The endpoint of treatment is that a patient can return to full activity, doing the activities that they desire, symptom free. If we can trigger the healing system (which we can ultimately do in around 95% of people), and assuming that there are no other major sources of symptoms (which, even in our very broad and varied patient population, is very rare), then we can generally accomplish this. The endpoint of treatment for any given structure is that it becomes ‘load-bearing’, or ceases stretching abnormally under typical body loads. Therefore, the nerve fibers that had been chronically damaged heal, and cease to produce either tenderness or symptoms. Usually many structures are treated in a given patient. Some of these structures finish healing before others, so toward the end of the treatment course it is not uncommon for the treatment size to contract a bit. How do we know what to treat, and what we do not need to treat, at a given visit? We treat only tender structures. Those that have become non-tender can be left alone. We simply continue until we are finished, and this does not comply with any arbitrary ‘schedule’ or patient expectation. Healing systems produce widely varying amounts of collagen with stimulation—some large amounts leading to quick responses, others smaller amounts, leading to progress that can be ‘moderate’, ‘slow’, or ‘very slow’. If the pace of healing is not optimal, we will usually explore options to stimulate the system more strongly, and perhaps look at the healing system per se more carefully.
We track progress with several questions on the patient follow-up form, and with a follow-up pain and symptom diagram. These are extremely helpful in caring for you, for decision making that allows us to render the best care possible. We would greatly appreciate it if you would take these questions seriously and give the best answer you can. Symptoms fluctuate, we understand…but your ‘guesstimate’ answers are surprisingly helpful to us. The fundamental question at each visit is, ‘more of same’, or ‘change course in some way’.
The issue that is most disconcerting to patients during treatment courses is the occasional ‘bad’ day or week that occurs just when the patient ‘thought they were getting better’. We spend A LOT of time discussing whether or not the treatment is ‘working’ in light of these symptom variations. The issue is not that WE do not know the answer to that question…the problem is that what the patient is ‘feeling’ does not match what they ‘expect’ to feel if the treatment is ‘working’. If a person understands the concept of ‘load bearing’ and ‘non-loadbearing’ structures, and realizes that, at any point, if enough force is applied to any of these structures to ‘trip the strain gauge’ (stretch the structure to the point that damaged nerve fibers are yanked, or further damaged), then symptoms MAY WELL be as ‘bad’ as they have ever felt, even though they are very close to being completely healed. If patients ‘get this’ concept, and understand that this is normal and, frankly, expected as patients become more active as they are feeling ‘better’, then much anxiety can be avoided. A more detailed discussion of symptoms during treatment will follow in a few paragraphs.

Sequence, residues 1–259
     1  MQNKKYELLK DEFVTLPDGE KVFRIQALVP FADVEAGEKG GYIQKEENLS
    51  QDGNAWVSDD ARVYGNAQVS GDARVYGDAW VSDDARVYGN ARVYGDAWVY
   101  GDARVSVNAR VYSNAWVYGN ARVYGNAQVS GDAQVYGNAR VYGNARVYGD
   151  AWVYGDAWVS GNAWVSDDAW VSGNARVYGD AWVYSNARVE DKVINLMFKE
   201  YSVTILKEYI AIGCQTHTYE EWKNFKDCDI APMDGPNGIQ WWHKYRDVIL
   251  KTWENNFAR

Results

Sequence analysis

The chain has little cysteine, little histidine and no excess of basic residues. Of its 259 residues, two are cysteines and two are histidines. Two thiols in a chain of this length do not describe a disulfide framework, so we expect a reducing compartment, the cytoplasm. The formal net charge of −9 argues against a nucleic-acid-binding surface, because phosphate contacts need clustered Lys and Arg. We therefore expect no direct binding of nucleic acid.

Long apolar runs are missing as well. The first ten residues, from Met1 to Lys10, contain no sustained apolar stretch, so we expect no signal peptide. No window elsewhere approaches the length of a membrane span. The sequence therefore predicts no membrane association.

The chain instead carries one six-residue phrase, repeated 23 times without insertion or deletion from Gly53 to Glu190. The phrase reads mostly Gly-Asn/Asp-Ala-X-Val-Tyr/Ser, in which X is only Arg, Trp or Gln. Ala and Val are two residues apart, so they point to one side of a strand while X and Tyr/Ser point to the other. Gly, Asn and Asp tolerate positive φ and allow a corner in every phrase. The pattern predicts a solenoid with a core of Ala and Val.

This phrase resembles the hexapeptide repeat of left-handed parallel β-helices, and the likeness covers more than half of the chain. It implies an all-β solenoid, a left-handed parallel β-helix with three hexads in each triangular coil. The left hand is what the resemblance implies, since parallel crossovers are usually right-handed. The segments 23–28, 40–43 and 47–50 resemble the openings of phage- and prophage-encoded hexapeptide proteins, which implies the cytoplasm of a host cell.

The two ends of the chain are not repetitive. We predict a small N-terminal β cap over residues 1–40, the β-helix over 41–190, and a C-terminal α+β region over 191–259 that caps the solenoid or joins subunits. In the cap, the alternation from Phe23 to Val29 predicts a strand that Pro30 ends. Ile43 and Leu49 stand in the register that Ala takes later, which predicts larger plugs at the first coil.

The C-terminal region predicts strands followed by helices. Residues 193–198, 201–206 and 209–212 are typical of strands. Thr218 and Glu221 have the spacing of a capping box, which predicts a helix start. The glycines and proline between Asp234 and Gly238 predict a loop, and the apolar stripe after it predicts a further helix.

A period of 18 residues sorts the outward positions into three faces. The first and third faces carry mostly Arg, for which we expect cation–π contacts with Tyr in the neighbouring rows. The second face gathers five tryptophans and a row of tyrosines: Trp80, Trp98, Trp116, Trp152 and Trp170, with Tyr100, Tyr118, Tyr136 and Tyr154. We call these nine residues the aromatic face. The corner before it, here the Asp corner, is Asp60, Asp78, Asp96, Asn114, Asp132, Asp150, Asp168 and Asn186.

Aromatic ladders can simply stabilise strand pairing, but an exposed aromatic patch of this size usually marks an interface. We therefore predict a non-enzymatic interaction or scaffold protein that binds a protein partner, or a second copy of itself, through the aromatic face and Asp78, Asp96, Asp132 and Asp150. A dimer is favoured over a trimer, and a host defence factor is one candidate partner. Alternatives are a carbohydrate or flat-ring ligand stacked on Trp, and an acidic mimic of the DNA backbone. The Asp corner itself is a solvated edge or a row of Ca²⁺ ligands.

Some people have a large array of painful and symptomatic structures. One reason that people from all over the country seek us out is that we get excellent results with ‘larger’ issues. Our treatments are more precise, and can therefore cover more geography (we do not treat structures that do NOT need to be treated, as opposed to many practitioners ‘template’ approach—where they treat the same set of structures in every back, neck, shoulder, etc.), and we have developed ways to get patients through treatments that are ‘larger volume’ treatments, so that we can cumulatively treat a multitude of structures successfully in a finite amount of time. If you have this kind of problem, the discussion about overall treatment strategy will be quite detailed and take into account physical, logistical, and financial issues.
Whether we are treating half the body, or ongoing pain in a single structure, we can give patients a general idea of the length of the process, particularly after seeing the ‘trajectory’ of healing after a few treatments. But pace of healing and magnitude of injury are unique in each patient, and this process simply requires that our patients have patience.
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